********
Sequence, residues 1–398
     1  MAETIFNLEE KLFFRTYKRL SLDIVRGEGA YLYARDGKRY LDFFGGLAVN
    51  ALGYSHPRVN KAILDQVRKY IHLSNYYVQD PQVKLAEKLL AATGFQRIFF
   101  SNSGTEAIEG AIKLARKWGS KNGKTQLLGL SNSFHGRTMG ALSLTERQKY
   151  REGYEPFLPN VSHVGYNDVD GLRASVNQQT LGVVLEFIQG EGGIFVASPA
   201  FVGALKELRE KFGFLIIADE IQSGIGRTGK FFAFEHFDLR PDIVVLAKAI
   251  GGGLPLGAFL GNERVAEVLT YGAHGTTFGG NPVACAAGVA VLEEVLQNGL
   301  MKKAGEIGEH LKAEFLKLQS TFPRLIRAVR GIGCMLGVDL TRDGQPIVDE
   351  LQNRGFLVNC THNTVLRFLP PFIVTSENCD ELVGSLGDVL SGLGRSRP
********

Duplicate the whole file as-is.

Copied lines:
Sequence, residues 1–398
     1  MAETIFNLEE KLFFRTYKRL SLDIVRGEGA YLYARDGKRY LDFFGGLAVN
    51  ALGYSHPRVN KAILDQVRKY IHLSNYYVQD PQVKLAEKLL AATGFQRIFF
   101  SNSGTEAIEG AIKLARKWGS KNGKTQLLGL SNSFHGRTMG ALSLTERQKY
   151  REGYEPFLPN VSHVGYNDVD GLRASVNQQT LGVVLEFIQG EGGIFVASPA
   201  FVGALKELRE KFGFLIIADE IQSGIGRTGK FFAFEHFDLR PDIVVLAKAI
   251  GGGLPLGAFL GNERVAEVLT YGAHGTTFGG NPVACAAGVA VLEEVLQNGL
   301  MKKAGEIGEH LKAEFLKLQS TFPRLIRAVR GIGCMLGVDL TRDGQPIVDE
   351  LQNRGFLVNC THNTVLRFLP PFIVTSENCD ELVGSLGDVL SGLGRSRP